Gabby has been at the Bucks County SPCAs Upper Bucks shelter for months waiting for someone to adopt her. She is a 6 year old female that came to the shelter as a stray. This curious and talkative girl would love to find a new home now that shes been spayed. Gabby likes to have everything her way, so being queen of the home would be best. She should do well with children of all ages. She is litter box trained and tested negative for feline leukemia. This cat is available at the Upper Bucks shelter in Quakertown. If you have questions about any of our pets, please call us at 267-347-4674. These fine companions are seeking their new forever homes at the Bucks County SPCAs Upper Bucks shelter located at 60 Reservoir Road, Quakertown. Call for more information, 267-347-4674 or visit our website at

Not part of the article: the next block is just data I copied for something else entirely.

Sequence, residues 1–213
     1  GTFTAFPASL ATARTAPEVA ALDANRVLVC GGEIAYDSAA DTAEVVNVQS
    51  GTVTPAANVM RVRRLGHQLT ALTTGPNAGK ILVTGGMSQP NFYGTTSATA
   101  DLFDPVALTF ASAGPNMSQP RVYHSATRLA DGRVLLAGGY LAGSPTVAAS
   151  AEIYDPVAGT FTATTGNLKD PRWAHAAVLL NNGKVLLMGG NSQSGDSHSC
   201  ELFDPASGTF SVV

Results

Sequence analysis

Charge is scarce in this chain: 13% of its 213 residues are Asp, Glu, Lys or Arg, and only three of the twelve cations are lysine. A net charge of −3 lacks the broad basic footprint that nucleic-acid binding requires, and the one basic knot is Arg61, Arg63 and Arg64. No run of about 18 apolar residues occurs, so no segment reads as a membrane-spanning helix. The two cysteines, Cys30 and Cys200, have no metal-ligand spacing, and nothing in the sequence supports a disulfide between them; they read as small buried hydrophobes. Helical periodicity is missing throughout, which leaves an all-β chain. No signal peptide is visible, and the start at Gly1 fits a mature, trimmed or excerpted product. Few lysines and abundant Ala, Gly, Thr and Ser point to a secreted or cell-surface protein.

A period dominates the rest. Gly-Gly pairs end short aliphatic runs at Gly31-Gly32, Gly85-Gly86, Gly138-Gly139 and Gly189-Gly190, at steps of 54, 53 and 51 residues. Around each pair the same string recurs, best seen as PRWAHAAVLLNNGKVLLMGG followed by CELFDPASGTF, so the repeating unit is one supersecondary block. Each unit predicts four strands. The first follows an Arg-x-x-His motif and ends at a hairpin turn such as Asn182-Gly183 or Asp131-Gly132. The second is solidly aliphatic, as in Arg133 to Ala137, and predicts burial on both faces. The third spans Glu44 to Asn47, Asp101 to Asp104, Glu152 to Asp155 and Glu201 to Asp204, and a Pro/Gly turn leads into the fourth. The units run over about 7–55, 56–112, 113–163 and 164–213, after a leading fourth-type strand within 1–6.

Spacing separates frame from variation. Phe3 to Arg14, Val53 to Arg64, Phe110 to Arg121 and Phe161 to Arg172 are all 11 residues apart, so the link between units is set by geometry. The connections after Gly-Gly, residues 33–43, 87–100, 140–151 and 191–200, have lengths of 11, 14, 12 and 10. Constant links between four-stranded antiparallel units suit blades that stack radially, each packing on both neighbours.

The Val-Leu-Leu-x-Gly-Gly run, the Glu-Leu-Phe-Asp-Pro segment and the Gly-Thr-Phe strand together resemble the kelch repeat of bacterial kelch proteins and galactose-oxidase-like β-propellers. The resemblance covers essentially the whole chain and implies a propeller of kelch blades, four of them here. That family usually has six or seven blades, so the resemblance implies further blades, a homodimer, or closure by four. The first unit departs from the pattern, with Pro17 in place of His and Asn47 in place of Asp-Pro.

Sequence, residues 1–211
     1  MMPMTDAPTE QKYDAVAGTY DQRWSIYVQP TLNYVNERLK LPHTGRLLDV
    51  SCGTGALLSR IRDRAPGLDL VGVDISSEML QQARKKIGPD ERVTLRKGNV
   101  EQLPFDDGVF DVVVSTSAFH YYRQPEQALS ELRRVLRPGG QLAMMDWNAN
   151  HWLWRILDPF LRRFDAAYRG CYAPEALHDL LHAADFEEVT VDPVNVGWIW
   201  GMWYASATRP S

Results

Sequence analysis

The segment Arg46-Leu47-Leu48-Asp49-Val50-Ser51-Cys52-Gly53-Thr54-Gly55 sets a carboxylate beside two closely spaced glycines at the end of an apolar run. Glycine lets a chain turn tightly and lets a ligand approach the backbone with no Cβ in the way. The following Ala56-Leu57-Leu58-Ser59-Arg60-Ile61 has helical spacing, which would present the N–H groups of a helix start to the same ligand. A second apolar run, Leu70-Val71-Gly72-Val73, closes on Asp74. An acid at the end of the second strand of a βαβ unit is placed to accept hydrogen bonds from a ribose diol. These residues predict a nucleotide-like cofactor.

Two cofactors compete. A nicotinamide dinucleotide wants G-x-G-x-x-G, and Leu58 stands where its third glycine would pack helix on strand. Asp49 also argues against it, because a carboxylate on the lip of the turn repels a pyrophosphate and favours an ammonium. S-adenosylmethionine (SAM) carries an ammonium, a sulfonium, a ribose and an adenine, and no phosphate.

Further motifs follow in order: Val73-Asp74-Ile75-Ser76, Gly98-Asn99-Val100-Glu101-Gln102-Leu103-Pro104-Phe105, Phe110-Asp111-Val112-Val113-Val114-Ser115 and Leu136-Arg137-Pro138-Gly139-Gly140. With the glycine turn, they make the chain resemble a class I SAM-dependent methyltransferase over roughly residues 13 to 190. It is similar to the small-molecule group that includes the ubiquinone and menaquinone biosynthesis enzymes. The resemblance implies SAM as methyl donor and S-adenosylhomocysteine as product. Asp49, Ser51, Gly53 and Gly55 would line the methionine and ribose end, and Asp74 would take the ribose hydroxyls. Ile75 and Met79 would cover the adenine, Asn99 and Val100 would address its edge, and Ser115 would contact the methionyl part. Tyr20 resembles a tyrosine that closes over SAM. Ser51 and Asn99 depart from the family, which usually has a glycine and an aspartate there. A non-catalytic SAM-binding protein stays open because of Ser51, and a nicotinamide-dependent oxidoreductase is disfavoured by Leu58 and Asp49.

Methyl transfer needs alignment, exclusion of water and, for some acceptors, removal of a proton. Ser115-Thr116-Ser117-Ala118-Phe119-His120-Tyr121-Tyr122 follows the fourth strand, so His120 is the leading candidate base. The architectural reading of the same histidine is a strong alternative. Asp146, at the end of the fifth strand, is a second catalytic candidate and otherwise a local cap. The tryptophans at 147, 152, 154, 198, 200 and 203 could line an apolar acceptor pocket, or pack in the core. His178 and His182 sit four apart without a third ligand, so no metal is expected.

Training is Loving Your Dog,

(or an Easter Dinner We Wont Soon Forget)